The book is a follow-up and companion book to Dr. Kosslyn’s book Clear and to The Point. What distinguishes the books from each other is that Better PowerPoint is written in a way that makes editing a slide deck a breeze. This compact book provides a quick way to ensure your slides are appropriately designed. His first book delves into the specific principles and how to use them in a presentation slide deck.
This book is beneficial because it does not condemn presentation software or the people presenting. Rather, it shows specifically how one can improve using the tools they already know and have access to.
Overview of the Book
In Chapter 1, The no-stress approach, Kosslyn discusses several cognitive communication rules such as the Goldilocks Rule (present just the right amount). He succinctly explains the rule and provides research data showing how often people have not used that rule (e.g. 81% of presentations break the Goldilocks Rule). The following chapters cover every aspect of a slide deck: text, labels, titles, bullets, graphics, color, transitions, animation, sound, tables, charts, diagrams, maps, and graphs.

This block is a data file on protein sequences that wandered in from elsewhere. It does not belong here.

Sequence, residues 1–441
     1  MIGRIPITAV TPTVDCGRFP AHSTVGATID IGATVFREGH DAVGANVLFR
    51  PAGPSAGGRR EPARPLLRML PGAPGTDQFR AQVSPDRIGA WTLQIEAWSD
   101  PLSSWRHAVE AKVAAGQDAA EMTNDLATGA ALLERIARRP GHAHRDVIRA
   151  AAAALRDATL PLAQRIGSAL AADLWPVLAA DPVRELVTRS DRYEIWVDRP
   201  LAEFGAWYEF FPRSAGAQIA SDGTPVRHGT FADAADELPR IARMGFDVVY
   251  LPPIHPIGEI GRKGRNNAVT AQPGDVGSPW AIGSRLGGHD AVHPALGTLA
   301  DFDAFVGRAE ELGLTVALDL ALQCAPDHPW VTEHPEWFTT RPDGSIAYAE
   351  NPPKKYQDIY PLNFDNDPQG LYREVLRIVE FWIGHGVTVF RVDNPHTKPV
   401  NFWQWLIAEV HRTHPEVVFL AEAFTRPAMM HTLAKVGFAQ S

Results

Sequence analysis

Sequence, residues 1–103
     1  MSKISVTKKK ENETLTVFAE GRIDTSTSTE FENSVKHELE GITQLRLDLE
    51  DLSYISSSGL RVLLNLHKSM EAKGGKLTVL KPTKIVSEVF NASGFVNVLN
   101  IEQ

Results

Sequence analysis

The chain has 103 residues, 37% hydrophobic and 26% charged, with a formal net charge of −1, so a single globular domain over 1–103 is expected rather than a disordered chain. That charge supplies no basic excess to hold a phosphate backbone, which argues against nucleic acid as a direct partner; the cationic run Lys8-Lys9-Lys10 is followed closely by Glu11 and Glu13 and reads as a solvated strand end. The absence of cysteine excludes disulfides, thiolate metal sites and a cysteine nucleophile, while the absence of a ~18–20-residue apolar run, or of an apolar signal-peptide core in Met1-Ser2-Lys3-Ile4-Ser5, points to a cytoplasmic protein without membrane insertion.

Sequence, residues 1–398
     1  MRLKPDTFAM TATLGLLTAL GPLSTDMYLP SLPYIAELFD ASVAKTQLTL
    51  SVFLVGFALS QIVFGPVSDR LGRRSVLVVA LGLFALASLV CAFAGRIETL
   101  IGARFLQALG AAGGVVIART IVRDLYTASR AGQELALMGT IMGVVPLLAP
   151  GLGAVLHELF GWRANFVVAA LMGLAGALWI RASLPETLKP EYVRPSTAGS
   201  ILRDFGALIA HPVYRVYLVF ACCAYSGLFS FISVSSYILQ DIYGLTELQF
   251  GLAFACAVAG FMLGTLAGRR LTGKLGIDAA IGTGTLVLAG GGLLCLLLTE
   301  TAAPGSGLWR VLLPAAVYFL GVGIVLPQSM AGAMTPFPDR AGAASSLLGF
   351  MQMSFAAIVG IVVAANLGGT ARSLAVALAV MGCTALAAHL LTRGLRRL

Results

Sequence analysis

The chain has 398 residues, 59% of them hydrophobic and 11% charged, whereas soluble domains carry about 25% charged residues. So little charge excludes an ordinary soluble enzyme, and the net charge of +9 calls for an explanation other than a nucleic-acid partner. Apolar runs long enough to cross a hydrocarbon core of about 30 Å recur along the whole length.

Starting with Chapter 2, every chapter begins with a numbered list of question based on specific behaviors creators of bad slide typically do. The questions are worded in a way that represents what a presenter should do when creating slides. For example, “Have you used photos or clipart to allow audience members time to ‘come up for air’?” The rest of each chapter takes that number list and explains what you should do and avoid to while explaining why this is important to in creating better presentations.
In the Epilogue, the author describes several research studies he and his colleagues did to test lack of use of the cognitive communication rules. The studies focused on two things. One, can people identify the difference between a badly designed slide and a good slide. Two, how often do presenters break one or more of the cognitive communication rules. For the studies testing identification of a bad design, the majority of participants were able to select the slides that violated a rule. The studies that analyzed existing presentations, on average 70% of presentations breached one or more of the rules.